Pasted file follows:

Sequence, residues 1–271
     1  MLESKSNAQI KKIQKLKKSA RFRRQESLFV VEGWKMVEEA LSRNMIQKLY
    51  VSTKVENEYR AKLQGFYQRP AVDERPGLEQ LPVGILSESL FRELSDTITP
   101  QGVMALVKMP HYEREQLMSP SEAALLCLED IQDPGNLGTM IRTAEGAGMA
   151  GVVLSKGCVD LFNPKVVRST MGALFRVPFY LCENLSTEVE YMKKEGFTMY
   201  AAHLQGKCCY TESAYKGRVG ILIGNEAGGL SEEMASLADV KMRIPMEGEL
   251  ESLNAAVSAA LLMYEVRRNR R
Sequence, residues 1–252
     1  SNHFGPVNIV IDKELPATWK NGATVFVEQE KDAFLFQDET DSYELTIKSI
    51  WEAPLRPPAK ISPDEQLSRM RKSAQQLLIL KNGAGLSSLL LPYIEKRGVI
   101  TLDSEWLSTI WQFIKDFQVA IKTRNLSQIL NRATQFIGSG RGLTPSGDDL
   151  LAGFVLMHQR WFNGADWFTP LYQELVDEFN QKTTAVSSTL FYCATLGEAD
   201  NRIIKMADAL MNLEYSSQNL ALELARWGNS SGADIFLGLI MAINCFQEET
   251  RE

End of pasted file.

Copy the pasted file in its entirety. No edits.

Sequence, residues 1–271
     1  MLESKSNAQI KKIQKLKKSA RFRRQESLFV VEGWKMVEEA LSRNMIQKLY
    51  VSTKVENEYR AKLQGFYQRP AVDERPGLEQ LPVGILSESL FRELSDTITP
   101  QGVMALVKMP HYEREQLMSP SEAALLCLED IQDPGNLGTM IRTAEGAGMA
   151  GVVLSKGCVD LFNPKVVRST MGALFRVPFY LCENLSTEVE YMKKEGFTMY
   201  AAHLQGKCCY TESAYKGRVG ILIGNEAGGL SEEMASLADV KMRIPMEGEL
   251  ESLNAAVSAA LLMYEVRRNR R
Sequence, residues 1–252
     1  SNHFGPVNIV IDKELPATWK NGATVFVEQE KDAFLFQDET DSYELTIKSI
    51  WEAPLRPPAK ISPDEQLSRM RKSAQQLLIL KNGAGLSSLL LPYIEKRGVI
   101  TLDSEWLSTI WQFIKDFQVA IKTRNLSQIL NRATQFIGSG RGLTPSGDDL
   151  LAGFVLMHQR WFNGADWFTP LYQELVDEFN QKTTAVSSTL FYCATLGEAD
   201  NRIIKMADAL MNLEYSSQNL ALELARWGNS SGADIFLGLI MAINCFQEET
   251  RE